Jan. 6 committee in last-minute talks with key Trump administration witnesses
Donald Trump (Photo by Nicholas Kamm for AFP)

Buried deep in a report about the upcoming televised hearings on the Jan. 6 insurrection being held by a House select committee, the New York Times' Annie Karni and Luke Broadwater report that the witness list is not yet complete and negotiations could result in appearances of members of Donald Trump's administration that could deal a blow to his supporters' claims he had nothing to with the riot.

What is known, so far, is that key aides to former Vice President Mike Pence will be testifying on the first night during prime time and that the bi-partisan committee hired a highly-regarded former TV executive to assist them in creating a multi-media presentation that will reportedly be "raw enough so that skeptical journalists will find the material fresh, and chew over the disclosures in future coverage," according to Axios.

As the Times is now reporting, the committee has not yet "nailed down the full slate of witnesses" including the former acting attorney general who was serving the former president after ex-Attorney General Bill Barr stepped down.

Back in August of last year, the Times reported that former AG Jeffrey Rosen "emerged as a key witness in multiple investigations that focus on Mr. Trump's efforts to undermine the results of the election. He has publicly stated that the Justice Department did not find enough fraud to impact the outcome of the election."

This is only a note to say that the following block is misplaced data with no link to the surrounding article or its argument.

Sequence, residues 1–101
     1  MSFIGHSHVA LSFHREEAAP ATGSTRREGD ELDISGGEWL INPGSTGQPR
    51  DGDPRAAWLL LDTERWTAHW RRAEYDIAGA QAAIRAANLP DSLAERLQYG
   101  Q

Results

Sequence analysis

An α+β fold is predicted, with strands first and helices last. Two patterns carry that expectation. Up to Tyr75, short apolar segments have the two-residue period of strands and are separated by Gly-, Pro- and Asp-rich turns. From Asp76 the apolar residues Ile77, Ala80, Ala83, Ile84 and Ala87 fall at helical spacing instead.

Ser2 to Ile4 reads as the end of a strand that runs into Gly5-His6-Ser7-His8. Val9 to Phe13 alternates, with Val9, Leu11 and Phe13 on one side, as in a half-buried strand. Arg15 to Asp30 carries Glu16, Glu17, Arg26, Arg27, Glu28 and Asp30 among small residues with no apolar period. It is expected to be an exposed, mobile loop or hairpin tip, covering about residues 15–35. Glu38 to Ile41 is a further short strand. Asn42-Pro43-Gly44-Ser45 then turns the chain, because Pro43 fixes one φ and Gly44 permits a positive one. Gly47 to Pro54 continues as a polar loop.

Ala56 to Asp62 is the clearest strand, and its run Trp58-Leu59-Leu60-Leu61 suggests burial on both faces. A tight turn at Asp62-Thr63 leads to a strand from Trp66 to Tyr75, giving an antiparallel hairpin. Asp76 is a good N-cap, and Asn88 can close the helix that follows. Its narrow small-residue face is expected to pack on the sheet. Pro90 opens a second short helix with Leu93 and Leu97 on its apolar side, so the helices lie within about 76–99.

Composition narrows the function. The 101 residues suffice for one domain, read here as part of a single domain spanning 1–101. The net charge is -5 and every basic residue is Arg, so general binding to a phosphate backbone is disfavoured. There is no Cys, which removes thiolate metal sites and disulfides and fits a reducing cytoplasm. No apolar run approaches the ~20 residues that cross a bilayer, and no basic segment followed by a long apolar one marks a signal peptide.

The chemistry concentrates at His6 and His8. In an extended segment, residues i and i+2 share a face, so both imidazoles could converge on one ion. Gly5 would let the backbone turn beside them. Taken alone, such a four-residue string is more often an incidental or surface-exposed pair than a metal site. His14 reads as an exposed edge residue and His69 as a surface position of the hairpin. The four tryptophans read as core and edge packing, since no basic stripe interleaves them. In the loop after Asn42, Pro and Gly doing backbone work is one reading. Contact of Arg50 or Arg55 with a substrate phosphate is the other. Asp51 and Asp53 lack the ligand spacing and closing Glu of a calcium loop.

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Rosen, the report states, is currently being wooed by lawyers working for the House select committee.

"The panel is waiting for Jeffrey A. Rosen, the former acting attorney general, and Richard P. Donoghue, the former acting deputy attorney general, to respond to formal requests to testify, according to two people briefed on the matter," Karni and Broadwater wrote. "Both Mr. Rosen and Mr. Donoghue have already told multiple congressional committees that Mr. Trump and his allies pressured the department to say falsely that it had found voter fraud and to use its power to undo the results."

Former White House counsel Pat A. Cipollone, who argued with Trump administration officials about "sending out letters to multiple state legislatures claiming the election had been stolen and asking them to reconsider certified election results," is also being asked to speak.

"The committee is still in informal talks with Pat A. Cipollone, the former White House counsel, as well as Byung J. Pak, the former U.S. attorney in Atlanta who abruptly resigned on Jan. 4, 2021, after learning that Mr. Trump planned to fire him for not finding voter fraud, according to those people familiar with the discussions," the Times report adds.

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